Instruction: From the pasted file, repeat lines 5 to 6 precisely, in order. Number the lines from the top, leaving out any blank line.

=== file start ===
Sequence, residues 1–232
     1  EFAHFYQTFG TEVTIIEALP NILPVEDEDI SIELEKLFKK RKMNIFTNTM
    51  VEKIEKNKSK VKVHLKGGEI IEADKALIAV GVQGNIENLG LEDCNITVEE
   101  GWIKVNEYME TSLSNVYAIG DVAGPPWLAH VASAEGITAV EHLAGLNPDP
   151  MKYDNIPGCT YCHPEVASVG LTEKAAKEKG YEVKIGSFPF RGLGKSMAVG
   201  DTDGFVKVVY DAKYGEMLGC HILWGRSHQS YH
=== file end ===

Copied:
   151  MKYDNIPGCT YCHPEVASVG LTEKAAKEKG YEVKIGSFPF RGLGKSMAVG
   201  DTDGFVKVVY DAKYGEMLGC HILWGRSHQS YH